5. Pallava kings Nandivarman III (846 to 869 A.D.) Fifth pillar inscriptions which can be dated back to 858 A.D.
6. Pallava kings Kambavarman (9th century A.D) Sixth pillar inscriptions
7. Krishna III (939-68 A.D) Rashtrakuta king Seventh pillar inscriptions which can be dated back to 976 AD,
8.  Pallava king Kambavarman (9th century A.D) Eighth  pillar inscriptions
10. Krishna III (939-68 A.D) Rashtrakuta king Ninth  pillar which can be dated back to 971 A.D.   in his 21st reignal year
10. Rajendra III Chola (1216–1256 A.D)  Tenth pillar inscriptions
11. Kulothunga Chola III (1178–1218 A.D.) which can be dated back to 1215 A.D.

All the inscriptions in ancient Tamil script record about the donations of land and gold for the maintenance of the Subramanya temple at Thiruvizhchil and it continuously received grants. All these inscriptions mention the village as Thiruvizhchil.

Archaeological Artifacts

The following archaeological artifacts were collected from the excavated site:

1. Terracotta plaque The terracotta plaque - a bas-relief panel measuring about 13 cm by 12 cm depicts five women dancers performing 'Kuravai Koothu.' This rich archaeological artifact presents the dancers (with headgear and conspicuous eyes) seen singing. The expert dating it back to second or third century A.D.
2. Granite carved spear or 'Vel' measuring six feet is seen standing erect at its lotus pedestal before sanctum.
3. Terracotta Ganesha icon.
4. Terracotta bull or Nandhi measuring 4 cm in height.
5. Shiva Lingam sculpted from polished green-stone.
6. Terracotta head of a woman
7. Copper bell - miniature size. Copper coin belonging to Chola period.
8.  Amphorae or glazed jars, lids of pot, potsherds etc.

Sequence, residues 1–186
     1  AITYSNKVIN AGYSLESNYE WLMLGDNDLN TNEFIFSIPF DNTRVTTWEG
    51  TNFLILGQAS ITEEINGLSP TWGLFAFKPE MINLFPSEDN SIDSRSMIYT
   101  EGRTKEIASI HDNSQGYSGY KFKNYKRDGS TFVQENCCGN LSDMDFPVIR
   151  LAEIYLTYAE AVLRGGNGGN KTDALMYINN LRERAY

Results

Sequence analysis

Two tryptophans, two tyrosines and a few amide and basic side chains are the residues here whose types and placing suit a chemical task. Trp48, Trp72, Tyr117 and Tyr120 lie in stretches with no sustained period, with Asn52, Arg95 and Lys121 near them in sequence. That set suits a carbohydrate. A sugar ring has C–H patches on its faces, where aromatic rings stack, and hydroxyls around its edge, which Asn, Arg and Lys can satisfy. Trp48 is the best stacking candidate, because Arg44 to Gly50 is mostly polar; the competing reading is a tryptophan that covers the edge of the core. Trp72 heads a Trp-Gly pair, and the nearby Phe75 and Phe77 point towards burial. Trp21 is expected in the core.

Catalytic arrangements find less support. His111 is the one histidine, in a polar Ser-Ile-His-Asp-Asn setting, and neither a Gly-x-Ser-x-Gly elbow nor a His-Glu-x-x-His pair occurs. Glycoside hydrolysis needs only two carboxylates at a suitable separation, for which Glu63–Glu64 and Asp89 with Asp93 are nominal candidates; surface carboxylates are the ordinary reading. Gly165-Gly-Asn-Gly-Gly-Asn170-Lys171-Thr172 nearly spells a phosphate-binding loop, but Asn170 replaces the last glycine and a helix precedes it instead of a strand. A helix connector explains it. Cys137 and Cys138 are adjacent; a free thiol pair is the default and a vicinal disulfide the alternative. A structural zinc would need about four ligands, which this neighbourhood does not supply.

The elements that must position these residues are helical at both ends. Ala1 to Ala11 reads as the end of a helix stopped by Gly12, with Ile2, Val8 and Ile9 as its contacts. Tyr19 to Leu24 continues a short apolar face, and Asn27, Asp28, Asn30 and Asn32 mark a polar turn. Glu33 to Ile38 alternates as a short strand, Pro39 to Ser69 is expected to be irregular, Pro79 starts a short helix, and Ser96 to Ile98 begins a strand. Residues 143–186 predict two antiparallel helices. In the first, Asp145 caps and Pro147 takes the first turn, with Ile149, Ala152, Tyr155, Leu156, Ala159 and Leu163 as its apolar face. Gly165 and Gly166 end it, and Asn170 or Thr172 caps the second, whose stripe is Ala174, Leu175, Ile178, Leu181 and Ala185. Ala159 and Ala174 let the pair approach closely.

9. Terracotta lamps.

Conclusion

Archaeologists' conclusions are:

1. From the evidences like temple orientation, brick size and artifacts collected from this site, the ASI team concluded that this structure immediately antedates the Pallavas. They are also of the opinion that this one is the earliest brick temple in Tamil Nadu identified as of now. Further to this they also infer that no other temple of such nature is reported from south India.

2. Presence two evidences granite spear and the plaque depicting women dancing 'Kuravai Koothu' allow the ASI experts to conclude this one as Lord Subramanya temple.

3.The Reach foundation, Chennai conducted carbon - 14 dating on the paleo-tsunami evidences (sea shells and other debris) proved that they got  deposited in different periods between 405 A.D. and 564 A.D. and between 1019 A.D. and 1161 A.D.

4. According to T.Sathyamurthy, Superintendent, ASI Chennai Circle, (now Reach foundation trustee) conclude that the shrine belongs to Sangam period since it faces northwards. The modern temples built according to Shilpa Shastras (written between 6th or 7th century A.D.) are facing either east or west. This fact encouraged him to conclude that the temple was constructed before the 6th or 7th century A.D. He also estimated the age of the brick shrine ranging between 1700 and 2200 years.
However, noted Indian archaeologist R. Nagaswamy is critical of this claim due to lack of references to the shrine in the popular literature of the period.

Reference

  1. Archaeologists stumble on ancient temples: New finds of old temples enthuse archaeologists. Ramya,M. Times of India.
  2. Maguire, Paddy. Tsunami reveals ancient temple sites. BBC. October 27, 2005
  3. Muthiah.S, Editor. 400-year Record of the First City of Modern India, Volume 1. Madras.
  4. Sathyabhama Badhreenath, Hema Achyuthan, Smriti Haricharan and Mohandas, KP. Saluvankuppam coastal temple – excavation and application of soil micromorphology. Current Science 100 (7), April 10, 2011. Retrieved on 23 August 2012.
  5. Sivakumar, S. Much more than stone. The Hindu. August 13, 2010.
  6. Subrahmanya Temple, Saluvankuppam. Wikipedia.
  7. Subramanian, N. Remains of ancient temple found. The Hindu. September 21, 2005
  8. Subramanian, T S. Another surprise in Mamallapuram. Frontline 22 (22), November 4, 2005.
  9. Subramanian, T S. Pillars with inscriptions of Pallava, Chola kings found. The Hindu. March 17, 2007.
  10. Subramanian, TS. Rare artifacts found.  . The Hindu March 28, 2006. 
  11. Subramanian, T S. Remains of Subrahmanya temple found near Mahabalipuram. The Hindu. July 27, 2005